The Silent Spread of Diphtheria

A contagious disease has reappeared in Venezuela. After 24 years of being considered eradicated, the inhabitants of the south of the country are experiencing a diphtheria outbreak of hitherto incalculable scales. Minister of Health Luisana Melo has recognized as official medical report only two deaths out of the four cases confirmed by her office until October 11. But several death certificates, collected in situ by, indicate that the number of deaths is higher.

6 November 2016

Diphtheria, the contagious disease eradicated 24 years ago in Venezuela, has reborn in Bolívar state (south of the country). Epidemiologists presume that the outbreak has arisen in an indigenous community, San Antonio Roscío, and has spread since April through other towns. At Hospital Raúl Leoni -known as Guaiparo- arrive suspicious cases from the states of Anzoátegui, Bolívar and Delta Amacuro. "Runny nose, swollen tonsils, signs like a cold. It could be confused with tonsillitis, but nobody dies of that. So when death comes, we suspect that it is diphtheria," says a doctor.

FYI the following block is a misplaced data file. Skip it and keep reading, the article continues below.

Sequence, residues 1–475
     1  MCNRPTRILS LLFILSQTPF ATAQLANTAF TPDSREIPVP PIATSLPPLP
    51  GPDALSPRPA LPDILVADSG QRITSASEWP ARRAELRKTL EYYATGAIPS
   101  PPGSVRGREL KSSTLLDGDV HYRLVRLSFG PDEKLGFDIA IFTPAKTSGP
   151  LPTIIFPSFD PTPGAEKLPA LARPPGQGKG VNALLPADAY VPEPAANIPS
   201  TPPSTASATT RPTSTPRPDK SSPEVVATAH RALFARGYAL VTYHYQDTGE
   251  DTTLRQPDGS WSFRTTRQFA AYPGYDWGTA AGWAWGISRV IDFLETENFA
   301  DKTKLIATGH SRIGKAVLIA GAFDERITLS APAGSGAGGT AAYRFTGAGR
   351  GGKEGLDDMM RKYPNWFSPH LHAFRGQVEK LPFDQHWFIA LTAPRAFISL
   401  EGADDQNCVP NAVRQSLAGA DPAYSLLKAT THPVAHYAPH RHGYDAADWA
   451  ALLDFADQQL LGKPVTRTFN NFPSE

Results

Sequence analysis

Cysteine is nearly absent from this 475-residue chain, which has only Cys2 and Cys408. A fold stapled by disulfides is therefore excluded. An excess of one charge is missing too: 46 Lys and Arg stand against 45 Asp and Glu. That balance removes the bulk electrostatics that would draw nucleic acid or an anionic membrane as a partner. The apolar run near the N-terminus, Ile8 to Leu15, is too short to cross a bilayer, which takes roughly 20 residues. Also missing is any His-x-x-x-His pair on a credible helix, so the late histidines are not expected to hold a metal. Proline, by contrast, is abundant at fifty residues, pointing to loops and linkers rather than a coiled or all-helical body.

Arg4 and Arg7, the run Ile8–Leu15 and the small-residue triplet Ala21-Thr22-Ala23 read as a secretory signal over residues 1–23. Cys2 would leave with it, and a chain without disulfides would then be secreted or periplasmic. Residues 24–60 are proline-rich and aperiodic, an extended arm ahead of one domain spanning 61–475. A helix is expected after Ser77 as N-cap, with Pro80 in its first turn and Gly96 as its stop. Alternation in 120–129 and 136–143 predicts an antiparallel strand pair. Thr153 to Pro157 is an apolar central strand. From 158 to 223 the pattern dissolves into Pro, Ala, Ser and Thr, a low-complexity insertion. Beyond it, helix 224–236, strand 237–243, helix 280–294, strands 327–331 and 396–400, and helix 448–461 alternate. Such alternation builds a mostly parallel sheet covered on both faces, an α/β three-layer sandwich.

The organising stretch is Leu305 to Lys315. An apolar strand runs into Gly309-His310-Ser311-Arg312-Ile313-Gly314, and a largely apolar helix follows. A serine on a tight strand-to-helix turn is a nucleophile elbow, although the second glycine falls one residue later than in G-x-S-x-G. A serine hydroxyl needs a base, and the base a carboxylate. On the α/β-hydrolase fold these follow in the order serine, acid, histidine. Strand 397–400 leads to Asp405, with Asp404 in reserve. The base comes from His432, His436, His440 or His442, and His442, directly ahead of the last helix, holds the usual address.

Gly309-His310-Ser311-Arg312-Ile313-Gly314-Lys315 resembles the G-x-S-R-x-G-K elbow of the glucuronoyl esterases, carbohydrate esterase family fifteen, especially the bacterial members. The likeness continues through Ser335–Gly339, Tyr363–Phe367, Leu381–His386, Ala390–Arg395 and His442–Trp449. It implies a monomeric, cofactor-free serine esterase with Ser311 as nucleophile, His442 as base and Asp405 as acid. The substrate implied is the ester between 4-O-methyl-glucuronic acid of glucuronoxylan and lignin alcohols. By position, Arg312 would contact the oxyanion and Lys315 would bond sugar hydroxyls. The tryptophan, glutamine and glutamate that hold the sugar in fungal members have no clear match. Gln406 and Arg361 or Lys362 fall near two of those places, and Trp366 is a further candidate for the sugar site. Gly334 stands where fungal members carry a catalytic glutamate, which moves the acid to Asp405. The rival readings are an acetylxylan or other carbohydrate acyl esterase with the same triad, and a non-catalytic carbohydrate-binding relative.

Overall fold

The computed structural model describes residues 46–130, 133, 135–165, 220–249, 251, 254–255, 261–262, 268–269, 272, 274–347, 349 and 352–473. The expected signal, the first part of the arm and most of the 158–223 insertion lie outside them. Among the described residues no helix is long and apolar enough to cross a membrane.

Eight-year-old Abismael Espinoza Rodríguez arrived at the Guaiparo hospital with this clinical condition, one night in late September. The parents of the child had gone first to a medical module of Barrio Adentro —the health program sponsored by former President Hugo Chávez with Cuba’s cooperation— in the town of San Félix. "The doctor said it was tonsillitis, so we went back home and just follow the treatment. But as days passed, he got worse. We decided to take him to a hospital and that's when the worst happened," says Gregoria Rodríguez, the boy's mother.

On October 11, the Minister of Health, Luisana Melo, spoke for the first time about the outbreak of the disease: "It is a regional issue, in Bolívar state only. Of all the suspected cases, four cases of diphtheria were found and two confirmed deaths. "But 12 days before these statements, there was another government diagnosis. Francisco Rangel Gómez, the governor of Bolívar, launched a much higher number in late September: "We have had 13 cases of diphtheria."